Under Eye Infections: Types and Ways To Treat*

Editor's Note: This article has been recently updated with latest information and research studies.
 

Our eyes and the skin around it are made up of very thin, sensitive tissues that react almost immediately to any foreign body on contact. Different parts of the eye may be infected, sometimes affecting both eyes or, just one.

Eye infections are common and are caused by bacteria, viruses, fungi, and parasites. Eye infections occur due to foreign matter entering the eyes, contact with infected individual or infected body part, and occurrence of certain health conditions that affect eye health.

Under Eye Infections

The most common signs and symptoms of eye infections are redness, itchiness, swelling, pain inside the eyes, sudden change in vision, dry or watery eyes, frequent yellowish discharge, under eye puffiness and sensitivity to light. While many eye infections cause severe discomfort, in many cases, these do not require any special treatment or attention. Unfortunately, however, many eye infections can also be severe yet go unnoticed, causing blurring of vision or even blindness.

Common Eye Infections

Some of the most common eye infections are listed below:

Conjunctivitis:

Also called “pink eye” or “red eye”, conjunctivitis is an inflammation of the white part of the eye which results to a pinkish or reddish color. It is perhaps the most commonly occurring eye infection, and may be caused by bacteria, virus, allergens including dust and pollution, incorrect use of contact lenses or, other bodily infections or health conditions like having a cold, chickenpox, measles or HIV infection

Conjunctivitis caused by microorganisms can be highly contagious. People who are infected are often advised to stay indoors to avoid transferring the infection to other people

Stye (Hordeolum):

A stye is an abscess or pimple-looking swelling on or inside the eyelids caused by clogged oil glands or bacteria. Although styes can be very painful, the condition normally heals within two or three days. Some styes may be buried deeper into the eyelid and need special medical attention

If you suffer from recurring stye, you may have to practice better* hygiene and eye care habits. Stye is also commonly caused by bacteria on the skin which find its way to your eyelids. Make sure you keep your eyelids clean. Recurring stye may also be a sign that you have blepharitis

Blepharitis:

Blepharitis is a chronic eye infection that tends to make the eyelids scaly and rough. It may occur outside or inside your eyelids. Blepharitis outside the eye may be caused by either bacteria or dandruff-causing yeast. On the other hand, blepharitis of the inner eyelid is caused by abnormal oil production of glands. Thus, this type of blepharitis is often accompanied by dry eyes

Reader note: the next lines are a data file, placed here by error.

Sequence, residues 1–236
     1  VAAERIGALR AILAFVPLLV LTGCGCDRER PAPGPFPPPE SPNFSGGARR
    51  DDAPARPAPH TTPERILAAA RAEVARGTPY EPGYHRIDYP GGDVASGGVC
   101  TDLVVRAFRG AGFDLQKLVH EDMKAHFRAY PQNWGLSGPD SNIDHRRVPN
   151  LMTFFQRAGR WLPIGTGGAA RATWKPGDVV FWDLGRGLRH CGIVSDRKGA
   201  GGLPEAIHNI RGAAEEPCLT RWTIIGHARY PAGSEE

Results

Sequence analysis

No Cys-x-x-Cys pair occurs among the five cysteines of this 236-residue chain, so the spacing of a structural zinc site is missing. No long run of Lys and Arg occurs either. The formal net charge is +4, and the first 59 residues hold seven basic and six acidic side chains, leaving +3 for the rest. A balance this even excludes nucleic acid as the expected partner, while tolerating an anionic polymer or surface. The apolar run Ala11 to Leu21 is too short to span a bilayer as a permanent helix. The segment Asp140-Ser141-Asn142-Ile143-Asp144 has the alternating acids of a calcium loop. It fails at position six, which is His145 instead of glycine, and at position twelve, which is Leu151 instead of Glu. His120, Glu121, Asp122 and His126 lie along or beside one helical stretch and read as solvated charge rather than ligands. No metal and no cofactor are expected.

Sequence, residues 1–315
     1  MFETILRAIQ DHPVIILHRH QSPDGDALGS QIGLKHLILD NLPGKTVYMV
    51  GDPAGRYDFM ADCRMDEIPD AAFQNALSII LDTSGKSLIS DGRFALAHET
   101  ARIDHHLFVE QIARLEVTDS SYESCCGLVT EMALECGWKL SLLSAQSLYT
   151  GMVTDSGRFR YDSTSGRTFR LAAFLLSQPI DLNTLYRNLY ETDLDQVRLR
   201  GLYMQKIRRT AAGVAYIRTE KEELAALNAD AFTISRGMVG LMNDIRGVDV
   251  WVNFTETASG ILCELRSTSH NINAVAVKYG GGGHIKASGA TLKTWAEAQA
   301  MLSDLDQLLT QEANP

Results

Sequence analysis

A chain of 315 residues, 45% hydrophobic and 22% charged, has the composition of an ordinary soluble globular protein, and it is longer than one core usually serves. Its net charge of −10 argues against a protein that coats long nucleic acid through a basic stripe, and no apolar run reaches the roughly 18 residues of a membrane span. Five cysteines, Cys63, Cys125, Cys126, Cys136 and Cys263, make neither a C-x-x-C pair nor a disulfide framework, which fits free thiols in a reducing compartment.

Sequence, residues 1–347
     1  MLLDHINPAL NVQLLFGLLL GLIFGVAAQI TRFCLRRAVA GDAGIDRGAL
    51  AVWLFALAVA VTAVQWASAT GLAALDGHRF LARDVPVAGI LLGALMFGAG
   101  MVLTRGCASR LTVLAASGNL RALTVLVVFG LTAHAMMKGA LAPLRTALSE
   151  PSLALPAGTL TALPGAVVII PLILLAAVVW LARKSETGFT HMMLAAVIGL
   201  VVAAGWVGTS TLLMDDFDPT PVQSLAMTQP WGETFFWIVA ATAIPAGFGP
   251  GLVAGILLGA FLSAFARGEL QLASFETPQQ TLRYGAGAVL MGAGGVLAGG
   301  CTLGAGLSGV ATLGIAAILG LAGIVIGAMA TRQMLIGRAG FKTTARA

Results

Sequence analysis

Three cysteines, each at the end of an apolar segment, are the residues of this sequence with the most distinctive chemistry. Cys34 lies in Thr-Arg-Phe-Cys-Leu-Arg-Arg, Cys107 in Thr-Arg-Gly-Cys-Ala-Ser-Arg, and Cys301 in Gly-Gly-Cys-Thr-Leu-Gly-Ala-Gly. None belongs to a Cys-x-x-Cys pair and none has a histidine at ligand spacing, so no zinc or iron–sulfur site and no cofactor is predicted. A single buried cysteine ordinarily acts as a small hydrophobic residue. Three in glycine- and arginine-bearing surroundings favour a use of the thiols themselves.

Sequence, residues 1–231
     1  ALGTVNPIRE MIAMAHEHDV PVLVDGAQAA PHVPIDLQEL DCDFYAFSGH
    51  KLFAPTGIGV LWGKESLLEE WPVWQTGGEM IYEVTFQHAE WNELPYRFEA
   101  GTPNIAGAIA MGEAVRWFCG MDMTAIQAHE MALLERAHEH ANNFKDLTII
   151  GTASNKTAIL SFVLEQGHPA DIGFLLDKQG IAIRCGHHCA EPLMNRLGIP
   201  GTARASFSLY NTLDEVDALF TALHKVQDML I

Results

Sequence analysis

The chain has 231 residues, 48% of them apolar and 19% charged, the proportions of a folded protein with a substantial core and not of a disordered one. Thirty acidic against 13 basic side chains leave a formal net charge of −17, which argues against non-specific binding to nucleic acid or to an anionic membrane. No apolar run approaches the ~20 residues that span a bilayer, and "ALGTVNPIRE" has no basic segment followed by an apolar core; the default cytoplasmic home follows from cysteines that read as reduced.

A consultation with your eye doctor is necessary if blepharitis is suspected. Blepharitis seldom completely heals but your doctor may be able to prescribe treatment to ease* discomfort whenever a relapse of blepharitis occurs

Orbital Cellulitis:

This condition may be caused by bacteria or fungi which affect the eyelids, eyebrows, cheeks, and soft tissues in the inner regions of the eyes. Most cases are caused by blocked sinuses, causing microorganisms naturally occurring in the sinus and upper respiratory tract to find their way into soft tissues of the eyes and surrounding areas

If not treated promptly and properly, orbital cellulitis can result to serious complications. One in ten cases of orbital cellulitis results to complete loss of vision

Keratitis:

Also known as corneal ulcers, keratitis is characterized by a sore causing inflammation of the cornea, the transparent, thin, film-like tissue that protects* the inner parts of the eyes. This inflammation may be caused by microorganisms, foreign objects including contact lenses, scratches, dry eyes or, suppressed immune system

Keratitis, if left untreated, can cause blurred vision and, in rare cases, even complete eye loss

Dacryocystitis:

This eye problem is characterized by either an acute or chronic infection of the tear duct caused by microorganisms. It is most common in women than in men, and more frequently occurs on the left eye. Accompanying symptoms include redness, swelling, excessive tears, and pain

Eye Infection Remedies

Most eye infections will disappear naturally without medical intervention but, there are ways to make them disappear faster. Follow the tips below to keep you more comfortable while letting your eye infection pass.

  • Eye sores can be relieved by using hot compress. Clean your hands and your affected eye thoroughly. Reach for a clean towel and dip into lukewarm water. Close your eyes and press the towel against your infected eye. Warm compresses can be soothing, and it also helps sores or ulcers ripen and burst faster
  • Keep eye area clean by scrubbing eyelids thoroughly yet gently to avoid scratching it. A mild, organic soap or baby soap will be handy. Rinse out the soap completely. Make sure your hands are clean before scrubbing your eyelids

While your sore eyes are waiting to heal, refrain from putting on eye makeup and using your contact lenses so as not to irritate your infected eye further. Also, wear sunglasses or any protective eye gear if you are stepping out to prevent foreign matter from entering your eyes and aggravate the infected area.

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Expert Author : Linda Daniels (Consumer Health Digest)

Linda Daniels is a true creative force, having worked as a seasoned writer, editor and consultant in the fashion and beauty industries. Connect with Linda on Facebook for constant updates to her projects.